You might expect this to be a nightmare for museum staff. How can we protect the works of art and honor the intentions of the artists? With the five pieces at the BMA it is a challenge but not as horrifying as one might think. For example, “Untitled” (Water) by Gonzalez-Torres (below) is a beaded curtain that one has to move through in order to go from one gallery to another. Occasionally one of the strings gets tangled in a stroller or pulled down by an enthusiastic child, but people are generally very gentle with it. When one of the bead strings is broken the BMA installation team replaces the string. The staff has become adept at keeping the artwork as the artist intended.*

Felix Gonzalez Torres. "Untitled" (Water). 1995. The Baltimore Museum of Art: Purchase with exchange funds from Bequest of Saidie A. May, BMA 1995.73. © The Felix Gonzalez Torres Foundation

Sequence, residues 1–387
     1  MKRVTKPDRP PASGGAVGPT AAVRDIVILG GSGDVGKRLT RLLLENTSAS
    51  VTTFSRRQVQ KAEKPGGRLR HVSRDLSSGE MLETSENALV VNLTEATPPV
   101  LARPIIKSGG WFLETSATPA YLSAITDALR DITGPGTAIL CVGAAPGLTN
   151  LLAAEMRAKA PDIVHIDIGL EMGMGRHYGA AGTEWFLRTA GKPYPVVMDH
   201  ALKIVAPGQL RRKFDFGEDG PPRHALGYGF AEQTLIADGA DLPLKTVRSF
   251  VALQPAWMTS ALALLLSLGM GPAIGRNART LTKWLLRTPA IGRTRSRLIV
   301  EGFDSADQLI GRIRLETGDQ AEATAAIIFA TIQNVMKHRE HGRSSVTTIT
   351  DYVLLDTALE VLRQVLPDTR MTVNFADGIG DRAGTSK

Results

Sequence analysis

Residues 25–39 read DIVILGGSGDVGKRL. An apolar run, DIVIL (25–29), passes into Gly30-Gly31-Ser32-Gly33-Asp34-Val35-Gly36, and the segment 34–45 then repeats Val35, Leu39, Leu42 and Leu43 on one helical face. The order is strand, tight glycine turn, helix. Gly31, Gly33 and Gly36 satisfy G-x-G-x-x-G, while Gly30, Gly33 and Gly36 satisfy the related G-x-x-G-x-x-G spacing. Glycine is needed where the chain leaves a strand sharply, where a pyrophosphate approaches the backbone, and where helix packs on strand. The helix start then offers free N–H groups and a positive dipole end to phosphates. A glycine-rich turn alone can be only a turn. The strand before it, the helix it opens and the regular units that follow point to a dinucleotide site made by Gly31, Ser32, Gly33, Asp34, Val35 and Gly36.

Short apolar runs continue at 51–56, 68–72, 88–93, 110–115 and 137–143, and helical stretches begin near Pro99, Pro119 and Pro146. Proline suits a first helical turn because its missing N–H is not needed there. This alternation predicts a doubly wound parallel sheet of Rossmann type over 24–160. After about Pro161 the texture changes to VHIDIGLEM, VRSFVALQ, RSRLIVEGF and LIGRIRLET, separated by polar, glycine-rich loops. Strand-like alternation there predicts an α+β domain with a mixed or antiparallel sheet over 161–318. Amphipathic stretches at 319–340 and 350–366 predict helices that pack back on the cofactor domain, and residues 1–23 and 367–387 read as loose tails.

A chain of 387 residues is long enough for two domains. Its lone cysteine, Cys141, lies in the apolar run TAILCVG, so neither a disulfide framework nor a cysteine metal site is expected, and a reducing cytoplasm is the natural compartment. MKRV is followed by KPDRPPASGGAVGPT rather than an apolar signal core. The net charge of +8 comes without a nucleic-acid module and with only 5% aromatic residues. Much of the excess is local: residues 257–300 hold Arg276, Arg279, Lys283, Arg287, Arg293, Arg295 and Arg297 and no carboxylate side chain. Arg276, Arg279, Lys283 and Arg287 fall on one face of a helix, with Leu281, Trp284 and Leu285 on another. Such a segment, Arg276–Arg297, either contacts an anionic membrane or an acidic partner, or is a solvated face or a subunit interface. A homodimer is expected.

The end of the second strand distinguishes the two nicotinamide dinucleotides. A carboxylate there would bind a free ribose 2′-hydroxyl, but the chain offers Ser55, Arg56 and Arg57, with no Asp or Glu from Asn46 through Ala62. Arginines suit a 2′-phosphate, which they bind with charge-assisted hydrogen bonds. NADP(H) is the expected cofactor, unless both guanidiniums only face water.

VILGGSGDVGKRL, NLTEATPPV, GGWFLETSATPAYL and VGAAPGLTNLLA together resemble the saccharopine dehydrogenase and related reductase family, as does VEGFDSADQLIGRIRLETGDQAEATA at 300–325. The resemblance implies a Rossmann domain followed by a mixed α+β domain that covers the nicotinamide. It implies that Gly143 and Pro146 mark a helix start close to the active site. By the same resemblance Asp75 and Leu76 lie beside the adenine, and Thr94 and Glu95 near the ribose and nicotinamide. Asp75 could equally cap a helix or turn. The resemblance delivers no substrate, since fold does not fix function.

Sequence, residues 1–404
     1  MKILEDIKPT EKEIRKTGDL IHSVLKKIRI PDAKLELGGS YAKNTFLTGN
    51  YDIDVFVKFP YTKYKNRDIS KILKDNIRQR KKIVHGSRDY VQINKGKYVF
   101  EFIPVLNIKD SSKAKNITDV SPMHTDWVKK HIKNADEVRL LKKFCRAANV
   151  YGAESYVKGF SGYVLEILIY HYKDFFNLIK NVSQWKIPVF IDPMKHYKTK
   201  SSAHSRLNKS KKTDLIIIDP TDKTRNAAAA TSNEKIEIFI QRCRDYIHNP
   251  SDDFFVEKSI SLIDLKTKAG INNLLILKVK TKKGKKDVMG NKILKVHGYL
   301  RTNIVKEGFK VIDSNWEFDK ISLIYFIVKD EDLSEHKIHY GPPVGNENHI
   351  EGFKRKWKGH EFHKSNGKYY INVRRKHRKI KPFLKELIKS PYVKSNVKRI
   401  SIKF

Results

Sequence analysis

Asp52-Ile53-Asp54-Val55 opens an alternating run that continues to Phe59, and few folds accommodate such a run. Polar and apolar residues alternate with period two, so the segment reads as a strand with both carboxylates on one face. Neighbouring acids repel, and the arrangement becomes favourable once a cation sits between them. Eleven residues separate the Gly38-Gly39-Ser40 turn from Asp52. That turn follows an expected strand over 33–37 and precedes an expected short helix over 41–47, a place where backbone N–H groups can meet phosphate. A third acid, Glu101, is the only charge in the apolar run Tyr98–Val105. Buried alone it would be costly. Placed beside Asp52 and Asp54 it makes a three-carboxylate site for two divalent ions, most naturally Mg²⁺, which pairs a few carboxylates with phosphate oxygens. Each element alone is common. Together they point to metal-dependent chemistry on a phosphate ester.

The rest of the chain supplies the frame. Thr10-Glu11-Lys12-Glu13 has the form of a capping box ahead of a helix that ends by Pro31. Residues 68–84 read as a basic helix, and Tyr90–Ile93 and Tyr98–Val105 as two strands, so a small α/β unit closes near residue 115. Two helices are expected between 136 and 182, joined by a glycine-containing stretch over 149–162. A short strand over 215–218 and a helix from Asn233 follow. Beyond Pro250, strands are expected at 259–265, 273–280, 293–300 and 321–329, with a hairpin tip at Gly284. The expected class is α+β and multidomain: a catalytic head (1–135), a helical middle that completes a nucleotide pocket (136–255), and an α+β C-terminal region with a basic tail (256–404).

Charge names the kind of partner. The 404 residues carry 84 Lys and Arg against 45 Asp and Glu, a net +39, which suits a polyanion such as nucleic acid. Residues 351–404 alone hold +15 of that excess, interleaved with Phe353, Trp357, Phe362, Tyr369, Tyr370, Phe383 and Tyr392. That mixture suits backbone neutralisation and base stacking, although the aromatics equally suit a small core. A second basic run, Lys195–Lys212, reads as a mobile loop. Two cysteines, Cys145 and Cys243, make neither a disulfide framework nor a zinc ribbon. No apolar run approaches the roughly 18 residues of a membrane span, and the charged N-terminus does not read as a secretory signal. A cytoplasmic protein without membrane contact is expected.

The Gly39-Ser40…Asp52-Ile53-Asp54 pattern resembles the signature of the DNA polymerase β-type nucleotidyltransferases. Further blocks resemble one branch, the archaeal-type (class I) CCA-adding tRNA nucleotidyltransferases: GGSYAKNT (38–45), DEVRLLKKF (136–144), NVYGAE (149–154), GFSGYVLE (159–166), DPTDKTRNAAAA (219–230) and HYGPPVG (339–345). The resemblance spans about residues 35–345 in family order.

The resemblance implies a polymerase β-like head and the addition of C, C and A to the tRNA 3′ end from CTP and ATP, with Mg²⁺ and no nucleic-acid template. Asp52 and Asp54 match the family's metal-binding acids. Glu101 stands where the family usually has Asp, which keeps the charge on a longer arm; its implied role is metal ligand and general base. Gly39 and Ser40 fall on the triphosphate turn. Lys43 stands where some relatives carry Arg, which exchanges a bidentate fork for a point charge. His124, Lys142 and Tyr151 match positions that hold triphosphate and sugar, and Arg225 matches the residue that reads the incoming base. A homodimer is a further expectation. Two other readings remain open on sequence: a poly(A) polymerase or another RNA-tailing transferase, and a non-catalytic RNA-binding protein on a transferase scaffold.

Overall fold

Felix Gonzalez-Torres. “Untitled” (Water). 1995. The Baltimore Museum of Art: Purchase with exchange funds from Bequest of Saidie A. May, BMA 1995.73. © The Felix Gonzalez Torres Foundation

The Carl Andre sculpture Zinc-Magnesium Plain (not pictured) is of more concern. Because the piece lies on the floor and people are allowed to walk on it, there is a good chance that a sharp high heel or gravel caught in a shoe will scratch the piece. Interestingly, despite the encouragement of the artist most people walk around the work.

Franz West. Violetta. To the song of Gerhard Rühm: I like to rest on aquatic corpses. 2005. The Baltimore Museum of Art: The Caplan Family Contemporary Art Fund, and Frederick R. Weisman Contemporary Art Acquisitions Endowment, BMA 2008.1. © Franz West